Sharone Sayegh | California
Sharone is originating the role of Anna in The Band’s Visit on Broadway. As an actor of Israeli/Iraqi descent, she is incredibly excited to bring this new Middle Eastern musical to life. Other Broadway: Mamma Mia!. Off-Broadway: Anna in The Band’s Visit (Atlantic Theater Co, World Premiere), Title role in Scheherazade (Prospect Theater Co) and the world premiere of The Wildness (Ars Nova). Regional: Mrs. Jesus/Ens. in Escape to Margaritaville (La Jolla Playhouse, World Premiere), Maria Elena in Buddy: The Buddy Holly Story (The Muny), Aouda in Around the World in 80 Days (Florida Rep), Vidya in Disconnect (San Jose Rep, BACC Nom.).
RR: When did you start performing?
SS: When I was in 2nd grade, all I wanted to do was copy my older sister, Hadar. Hadar started going to drama class after school, and in an effort to be as cool as her, I asked my mom if I could sign up too. I then enrolled in Drama class at the Roxbury Park community center, and because I signed up, my sister stopped going, ha! I loved it and have been hooked ever since! I did community theater all throughout elementary and middle school and also studied at the Youth Academy of Dramatic Arts (YADA) in LA, where I fell in love with theater, music, and dance. I then went to Beverly Hills High School where I performed in the drama department musicals, school choirs, and school dance company. I attended Syracuse University where I graduated with a BFA in Musical Theater.
RR: Did camp play a role in your career?
SS: In a sense, yes. I remember doing a Hebrew version of Little Shop of Horrors one summer at Camp Ramah, which was so fun. I also loved being a member of Kolot Ramah, the singing group at camp, and recording CDs with David Ross. Being in the recording studio with David Ross definitely help me prepare for studio singing in my professional career.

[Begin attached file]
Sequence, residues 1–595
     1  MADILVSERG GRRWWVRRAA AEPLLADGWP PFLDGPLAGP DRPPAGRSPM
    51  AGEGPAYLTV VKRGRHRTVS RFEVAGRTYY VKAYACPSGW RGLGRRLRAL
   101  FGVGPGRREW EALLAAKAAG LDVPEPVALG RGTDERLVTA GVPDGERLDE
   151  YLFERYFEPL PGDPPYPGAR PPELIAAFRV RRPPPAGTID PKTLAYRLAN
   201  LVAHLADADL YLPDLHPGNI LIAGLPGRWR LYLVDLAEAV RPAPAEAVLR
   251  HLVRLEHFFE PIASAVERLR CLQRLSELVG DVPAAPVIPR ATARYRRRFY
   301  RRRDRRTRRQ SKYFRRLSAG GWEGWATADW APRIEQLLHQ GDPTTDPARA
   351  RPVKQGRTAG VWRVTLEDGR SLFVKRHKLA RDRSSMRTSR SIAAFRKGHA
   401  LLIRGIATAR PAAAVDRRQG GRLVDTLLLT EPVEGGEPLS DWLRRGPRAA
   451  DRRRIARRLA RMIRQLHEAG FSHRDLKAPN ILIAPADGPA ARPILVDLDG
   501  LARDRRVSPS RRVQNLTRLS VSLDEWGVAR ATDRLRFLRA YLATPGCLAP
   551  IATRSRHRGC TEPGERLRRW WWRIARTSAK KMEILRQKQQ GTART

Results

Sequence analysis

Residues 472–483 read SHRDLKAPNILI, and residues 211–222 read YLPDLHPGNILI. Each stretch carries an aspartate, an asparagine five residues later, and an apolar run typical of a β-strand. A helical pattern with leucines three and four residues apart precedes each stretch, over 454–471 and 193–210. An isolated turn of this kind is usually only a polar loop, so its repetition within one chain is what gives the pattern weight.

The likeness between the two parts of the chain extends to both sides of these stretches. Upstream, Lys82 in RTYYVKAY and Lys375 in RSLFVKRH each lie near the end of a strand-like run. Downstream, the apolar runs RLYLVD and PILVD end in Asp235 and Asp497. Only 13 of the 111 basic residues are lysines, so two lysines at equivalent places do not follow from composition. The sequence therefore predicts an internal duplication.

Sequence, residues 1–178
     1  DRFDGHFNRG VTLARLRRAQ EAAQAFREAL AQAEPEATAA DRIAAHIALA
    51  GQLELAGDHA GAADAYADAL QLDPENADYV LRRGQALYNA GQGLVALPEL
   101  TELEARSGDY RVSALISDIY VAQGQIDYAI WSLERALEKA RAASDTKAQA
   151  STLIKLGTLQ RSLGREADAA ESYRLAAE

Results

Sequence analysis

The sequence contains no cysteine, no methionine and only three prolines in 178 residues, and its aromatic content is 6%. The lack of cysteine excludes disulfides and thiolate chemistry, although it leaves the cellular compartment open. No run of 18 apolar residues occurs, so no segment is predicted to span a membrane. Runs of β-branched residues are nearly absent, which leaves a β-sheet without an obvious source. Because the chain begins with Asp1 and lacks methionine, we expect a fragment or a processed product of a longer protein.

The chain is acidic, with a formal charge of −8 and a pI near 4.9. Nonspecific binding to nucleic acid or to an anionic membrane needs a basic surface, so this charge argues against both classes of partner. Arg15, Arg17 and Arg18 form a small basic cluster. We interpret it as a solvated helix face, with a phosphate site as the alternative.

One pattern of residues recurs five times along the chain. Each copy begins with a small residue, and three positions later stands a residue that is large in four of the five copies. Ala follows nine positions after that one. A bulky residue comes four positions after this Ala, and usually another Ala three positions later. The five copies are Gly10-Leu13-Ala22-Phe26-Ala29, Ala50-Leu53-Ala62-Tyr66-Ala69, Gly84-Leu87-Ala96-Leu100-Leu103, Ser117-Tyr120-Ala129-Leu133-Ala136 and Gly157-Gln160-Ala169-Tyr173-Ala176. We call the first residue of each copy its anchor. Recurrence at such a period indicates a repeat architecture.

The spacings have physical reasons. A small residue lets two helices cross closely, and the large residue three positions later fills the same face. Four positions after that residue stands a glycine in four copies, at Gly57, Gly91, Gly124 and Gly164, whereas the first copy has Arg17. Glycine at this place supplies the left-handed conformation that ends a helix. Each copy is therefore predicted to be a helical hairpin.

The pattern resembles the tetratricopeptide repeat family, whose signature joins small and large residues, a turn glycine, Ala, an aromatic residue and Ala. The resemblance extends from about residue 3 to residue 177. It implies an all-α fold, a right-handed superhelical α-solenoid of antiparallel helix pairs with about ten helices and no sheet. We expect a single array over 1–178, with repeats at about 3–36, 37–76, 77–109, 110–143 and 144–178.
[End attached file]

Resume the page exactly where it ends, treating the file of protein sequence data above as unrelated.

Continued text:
RR: What are some of your favorite memories of camp?
SS: I loved relaxing on the hill with friends while the afternoon sun would set. I loved being in nature without TV’s, computers, phones, etc. I loved Shabbat at camp, getting dressed up for the wacky themed nights, writing Shabbat-o-grams, and singing outdoors with everyone.
RR: What was your reaction when you realized you would be on Broadway for the first time?
SS: I was filled with excitement and nervousness at the same time. I remember thinking “Wow, my lifelong dream is about to come true”, I almost couldn’t grasp the entirety of the idea at the time. When I bowed during the curtain call of my first night on Broadway, looking out in the audience, it hit me.
RR: What is your proudest moment in your career so far?
SS: Seeing my parent’s beaming faces watching me onstage when they first came to see me in Mamma Mia! On Broadway.
RR: What are some of the challenges of performing on Broadway?
SS: One of the biggest challenges of performing on Broadway is just the actual schedule. Each show has a different schedule, but they all do 8 shows a week with one day off, which is challenging vocally, physically, and mentally. It’s also a challenge to stay in touch with people who are on a “normal” 9-5 schedule, since our schedule is completely opposite. So attending big life events like weddings, birthdays, etc, tends to be a challenge because they are almost always on nights and weekends which is when you work on Broadway. Throughout the years I’ve made it work and in the end, it’s all worth the amazing honor of being on Broadway.
RR: What is one piece of advice you’d like to share with other Ramahniks?
SS: Cherish and enjoy your time at camp! Indulge in the fact that you have no screens or electronics around you and really appreciate nature. It might sound cheesy, but you rarely get to go back to a time where you have no responsibilities besides coming up with a costume for color wars or decorating your bunk. I look back on my time at camp as such a fun, freeing, and loving part of my childhood.